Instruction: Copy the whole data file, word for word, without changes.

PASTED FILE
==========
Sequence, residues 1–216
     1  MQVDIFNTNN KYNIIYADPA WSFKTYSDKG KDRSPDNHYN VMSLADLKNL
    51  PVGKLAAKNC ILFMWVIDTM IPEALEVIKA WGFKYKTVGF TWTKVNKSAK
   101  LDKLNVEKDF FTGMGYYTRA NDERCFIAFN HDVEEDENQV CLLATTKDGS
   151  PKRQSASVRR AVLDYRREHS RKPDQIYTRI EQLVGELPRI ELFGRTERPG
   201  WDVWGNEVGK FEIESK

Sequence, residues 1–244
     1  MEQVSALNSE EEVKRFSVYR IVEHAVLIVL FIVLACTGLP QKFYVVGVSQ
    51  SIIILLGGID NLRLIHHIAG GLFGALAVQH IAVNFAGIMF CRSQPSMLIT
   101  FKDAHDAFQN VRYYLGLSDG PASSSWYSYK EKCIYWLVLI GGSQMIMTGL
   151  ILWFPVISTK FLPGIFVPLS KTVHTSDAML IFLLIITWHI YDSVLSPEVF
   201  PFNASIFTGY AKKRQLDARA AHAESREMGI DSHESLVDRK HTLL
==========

Sequence, residues 1–216
     1  MQVDIFNTNN KYNIIYADPA WSFKTYSDKG KDRSPDNHYN VMSLADLKNL
    51  PVGKLAAKNC ILFMWVIDTM IPEALEVIKA WGFKYKTVGF TWTKVNKSAK
   101  LDKLNVEKDF FTGMGYYTRA NDERCFIAFN HDVEEDENQV CLLATTKDGS
   151  PKRQSASVRR AVLDYRREHS RKPDQIYTRI EQLVGELPRI ELFGRTERPG
   201  WDVWGNEVGK FEIESK

Sequence, residues 1–244
     1  MEQVSALNSE EEVKRFSVYR IVEHAVLIVL FIVLACTGLP QKFYVVGVSQ
    51  SIIILLGGID NLRLIHHIAG GLFGALAVQH IAVNFAGIMF CRSQPSMLIT
   101  FKDAHDAFQN VRYYLGLSDG PASSSWYSYK EKCIYWLVLI GGSQMIMTGL
   151  ILWFPVISTK FLPGIFVPLS KTVHTSDAML IFLLIITWHI YDSVLSPEVF
   201  PFNASIFTGY AKKRQLDARA AHAESREMGI DSHESLVDRK HTLL